The meetings of the G20 and the International Monetary Fund that get under way today resemble nothing so much as a Children in Need telethon. Already, prime ministers and finance ministers have been phoning in with their pledges, and more are expected. The flashing totaliser is creeping up, and our host, IMF president Christine Lagarde, is geeing us all on to expect $400bn (£250bn), no less. The problem will be getting those generous donors to actually sign the cheques.
The aim is to build a sufficiently huge pile of resources at the IMF to allow it to help fund bailouts of Spain, Italy or perhaps even France, in the terrifying event that they become necessary. The IMF has already partnered with the eurozone nations themselves to fund the bailouts of Ireland, Greece and Portugal. Now an even bigger firewall is needed to ensure that sovereign debt investors keep calm and carry on lending to the indebted governments in Madrid and Rome.
The meetings come in a week in which interest rates on Spanish debt jumped to what investors fear are unsustainable levels above 6 per cent, and as attention turns to the French presidential election, which could install the Socialist Francois Hollande in the Élysée Palace and curb the austerity policies that have so far kept France out of the firing line of the bond market vigilantes.
Bolstering the IMF is the next step, after eurozone finance ministers meeting in Copenhagen last month expanded Europe's in-house bailout fund, the European Stability Mechanism, to €800bn (£655bn). That figure and the $400bn now being sought by Ms Lagarde are lower than those originally talked about at the start of the year, when sovereign debt markets were more turbulent, and they may not prove sufficient to prop up the eurozone in a meltdown scenario, but they do represent a substantial increase in the size of the firewall and therefore make a meltdown scenario less likely.
But will the world leaders get it together this weekend? The G20 group of industrialised and industrialising nations meets first, and several members have already come good on the promise, made six months ago at their last meeting in France, to pledge more to the IMF. Japan has said it will chip in $60bn; Sweden is ready to commit $10bn now and up to $14.7m over time; Denmark is in for $7bn and Norway for $9.6bn.
Eurozone countries have already committed around €150bn and UK officials have indicated they could put in £10bn – the maximum possible without a parliamentary vote – as long as the money is not formally earmarked for use in the eurozone, which would be a no-no with public opinion.
As for the US, the IMF's biggest contributor, it has thumbed its nose at Ms Lagarde's requests. This is a presidential election year, after all, and it is therefore politically impossible to be seen using taxpayer dollars to fund indigent Europeans while the US debt remains so high and the economy so weak.
The big question marks are over the emerging economic powerhouses, notably China, Brazil and India, which appear to be trying to tie an increase in their contributions to the stalled effort to increase their voting power within the institution. Agreements made two years ago for a shake-up that reflects these countries' growing influence and increased contributions are being delayed by the US. Ms Lagarde conceded this week that even if she got specific pledges from these nations before the weekend was out, ironing out the terms and conditions could take weeks or months. When is a deal not a deal? When it's an international communiqué.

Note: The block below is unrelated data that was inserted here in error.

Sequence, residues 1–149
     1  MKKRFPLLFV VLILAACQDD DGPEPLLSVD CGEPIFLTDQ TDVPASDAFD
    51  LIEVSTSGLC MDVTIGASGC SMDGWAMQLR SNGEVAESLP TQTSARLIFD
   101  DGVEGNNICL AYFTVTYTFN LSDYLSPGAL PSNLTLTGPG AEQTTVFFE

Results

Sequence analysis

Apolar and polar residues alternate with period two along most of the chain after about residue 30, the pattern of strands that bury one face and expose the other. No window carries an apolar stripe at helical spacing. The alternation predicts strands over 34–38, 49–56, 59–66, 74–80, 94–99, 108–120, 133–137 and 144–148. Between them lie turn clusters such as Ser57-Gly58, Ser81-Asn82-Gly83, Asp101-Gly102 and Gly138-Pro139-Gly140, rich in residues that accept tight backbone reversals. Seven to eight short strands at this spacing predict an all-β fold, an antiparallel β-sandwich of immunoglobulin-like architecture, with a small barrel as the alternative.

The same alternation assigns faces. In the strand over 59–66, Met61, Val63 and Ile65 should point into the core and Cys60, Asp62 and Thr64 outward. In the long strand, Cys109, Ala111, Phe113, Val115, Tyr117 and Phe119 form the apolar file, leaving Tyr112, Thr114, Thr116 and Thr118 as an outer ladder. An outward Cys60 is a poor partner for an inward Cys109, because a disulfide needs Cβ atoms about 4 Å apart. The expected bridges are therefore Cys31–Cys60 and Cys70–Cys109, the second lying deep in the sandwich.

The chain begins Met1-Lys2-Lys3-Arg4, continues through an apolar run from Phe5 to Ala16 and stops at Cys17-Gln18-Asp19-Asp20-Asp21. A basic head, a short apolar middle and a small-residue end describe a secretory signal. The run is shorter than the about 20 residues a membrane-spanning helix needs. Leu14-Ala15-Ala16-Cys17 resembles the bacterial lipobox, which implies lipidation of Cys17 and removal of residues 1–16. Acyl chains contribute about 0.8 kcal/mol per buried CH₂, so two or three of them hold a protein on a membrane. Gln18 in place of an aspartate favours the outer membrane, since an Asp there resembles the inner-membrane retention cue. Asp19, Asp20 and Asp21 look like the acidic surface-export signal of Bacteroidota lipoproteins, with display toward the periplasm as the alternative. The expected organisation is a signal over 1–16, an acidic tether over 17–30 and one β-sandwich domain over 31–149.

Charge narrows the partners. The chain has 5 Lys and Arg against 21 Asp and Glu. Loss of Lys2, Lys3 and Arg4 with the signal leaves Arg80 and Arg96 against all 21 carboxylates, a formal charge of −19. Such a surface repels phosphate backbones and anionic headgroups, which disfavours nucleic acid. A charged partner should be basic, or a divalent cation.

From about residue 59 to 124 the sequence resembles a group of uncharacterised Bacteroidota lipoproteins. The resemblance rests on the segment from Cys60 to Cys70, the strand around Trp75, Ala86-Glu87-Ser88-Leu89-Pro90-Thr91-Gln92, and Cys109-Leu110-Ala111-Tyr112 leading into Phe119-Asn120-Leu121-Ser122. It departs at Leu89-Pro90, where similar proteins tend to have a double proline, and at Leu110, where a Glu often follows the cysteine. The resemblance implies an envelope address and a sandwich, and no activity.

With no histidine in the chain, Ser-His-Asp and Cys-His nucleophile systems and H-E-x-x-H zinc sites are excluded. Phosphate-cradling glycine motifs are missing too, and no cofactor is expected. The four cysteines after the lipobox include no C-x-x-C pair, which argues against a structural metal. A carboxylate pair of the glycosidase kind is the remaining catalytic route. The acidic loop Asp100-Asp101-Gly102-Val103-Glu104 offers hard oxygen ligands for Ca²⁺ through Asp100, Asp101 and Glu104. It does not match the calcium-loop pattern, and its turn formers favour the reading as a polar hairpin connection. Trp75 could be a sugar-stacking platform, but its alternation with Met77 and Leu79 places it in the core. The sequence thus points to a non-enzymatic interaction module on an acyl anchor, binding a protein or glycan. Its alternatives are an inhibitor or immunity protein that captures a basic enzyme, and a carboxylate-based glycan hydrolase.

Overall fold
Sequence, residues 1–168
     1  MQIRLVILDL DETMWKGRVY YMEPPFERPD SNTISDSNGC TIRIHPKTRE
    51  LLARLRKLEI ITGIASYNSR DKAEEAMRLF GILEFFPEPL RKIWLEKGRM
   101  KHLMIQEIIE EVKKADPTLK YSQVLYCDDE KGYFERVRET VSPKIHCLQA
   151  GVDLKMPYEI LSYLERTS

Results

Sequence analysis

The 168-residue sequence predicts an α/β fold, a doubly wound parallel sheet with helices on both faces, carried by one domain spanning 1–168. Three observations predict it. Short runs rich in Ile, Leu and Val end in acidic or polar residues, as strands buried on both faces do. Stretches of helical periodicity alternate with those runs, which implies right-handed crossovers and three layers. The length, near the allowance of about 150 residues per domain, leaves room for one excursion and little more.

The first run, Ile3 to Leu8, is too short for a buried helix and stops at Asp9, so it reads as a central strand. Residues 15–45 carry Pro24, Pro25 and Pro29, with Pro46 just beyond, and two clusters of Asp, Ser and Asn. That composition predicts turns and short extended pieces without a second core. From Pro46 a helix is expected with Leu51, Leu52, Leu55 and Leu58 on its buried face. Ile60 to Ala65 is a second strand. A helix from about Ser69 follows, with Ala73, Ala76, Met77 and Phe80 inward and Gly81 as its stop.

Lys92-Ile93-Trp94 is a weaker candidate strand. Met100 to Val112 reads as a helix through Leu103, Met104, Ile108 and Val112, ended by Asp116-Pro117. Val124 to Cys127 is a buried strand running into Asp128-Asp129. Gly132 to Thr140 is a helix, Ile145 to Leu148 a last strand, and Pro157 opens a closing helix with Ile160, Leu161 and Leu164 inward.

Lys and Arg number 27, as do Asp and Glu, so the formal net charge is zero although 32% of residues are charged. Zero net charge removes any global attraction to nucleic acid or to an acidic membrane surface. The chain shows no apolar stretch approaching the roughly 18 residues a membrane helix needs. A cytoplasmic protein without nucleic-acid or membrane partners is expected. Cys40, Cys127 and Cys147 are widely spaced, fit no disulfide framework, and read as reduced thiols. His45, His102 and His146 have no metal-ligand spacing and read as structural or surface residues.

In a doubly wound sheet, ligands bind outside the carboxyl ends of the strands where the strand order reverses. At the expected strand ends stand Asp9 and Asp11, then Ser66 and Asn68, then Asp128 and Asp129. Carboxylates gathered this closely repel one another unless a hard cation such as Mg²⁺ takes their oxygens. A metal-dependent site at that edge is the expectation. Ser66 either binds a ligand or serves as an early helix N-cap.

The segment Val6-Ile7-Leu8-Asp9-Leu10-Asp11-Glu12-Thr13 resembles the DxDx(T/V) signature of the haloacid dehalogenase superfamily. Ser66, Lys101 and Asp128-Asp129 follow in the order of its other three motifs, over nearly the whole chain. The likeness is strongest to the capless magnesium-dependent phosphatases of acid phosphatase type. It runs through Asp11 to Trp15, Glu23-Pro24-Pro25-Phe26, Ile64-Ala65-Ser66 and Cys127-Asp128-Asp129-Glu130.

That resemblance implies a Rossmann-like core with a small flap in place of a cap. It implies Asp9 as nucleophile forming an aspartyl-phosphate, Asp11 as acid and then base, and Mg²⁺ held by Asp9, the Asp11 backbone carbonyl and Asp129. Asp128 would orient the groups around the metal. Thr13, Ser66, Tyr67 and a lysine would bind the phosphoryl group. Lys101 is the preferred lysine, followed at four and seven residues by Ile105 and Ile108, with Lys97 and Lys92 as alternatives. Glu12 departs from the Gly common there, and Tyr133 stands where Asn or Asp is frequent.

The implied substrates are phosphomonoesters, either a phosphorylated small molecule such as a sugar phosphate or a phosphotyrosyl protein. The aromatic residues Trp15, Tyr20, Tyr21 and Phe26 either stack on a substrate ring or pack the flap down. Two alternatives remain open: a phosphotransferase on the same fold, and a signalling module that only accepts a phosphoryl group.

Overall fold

Julian Jessop, the chief global economist at Capital Economics, said building firewalls, whether they be the ESM or at the IMF, were just one part of the complex effort to secure the eurozone.
"Hope springs eternal," he said. "We have already had promises of additional money, but even if we reach the expected total, it is quite a leap to go from that to assuming that there would be a big injection from the IMF into Europe in the event of a crisis, and a further leap that a big injection from the IMF would actually make much difference on the ground in Europe."
Mr Jessop said that getting the backers of the IMF, including China, to pledge more of the institution's funds to bail out big eurozone countries would surely require significant movement from eurozone leaders themselves, and probably from the European Central Bank, which could buy sovereign debt directly or roll over long-term funding that the continent's banks can use to finance their holdings of sovereign debt.
Beyond that, as the Institute of International Finance argued last week in an open letter to the leaders gathering in Washington, there are growing calls for an end to an "austerity overload" for peripheral eurozone nations, an overload that risks locking indebted nations into a downward spiral of recession and worsening public finances. The IIF is the lobbying body for the world's largest banks.
So Ms Lagarde might get her headline total of promises this weekend. Then she will need to get the money. And then she will need to press for reform and growth in the eurozone, to make sure that spending the cash won't be throwing good money after bad. Not so easy.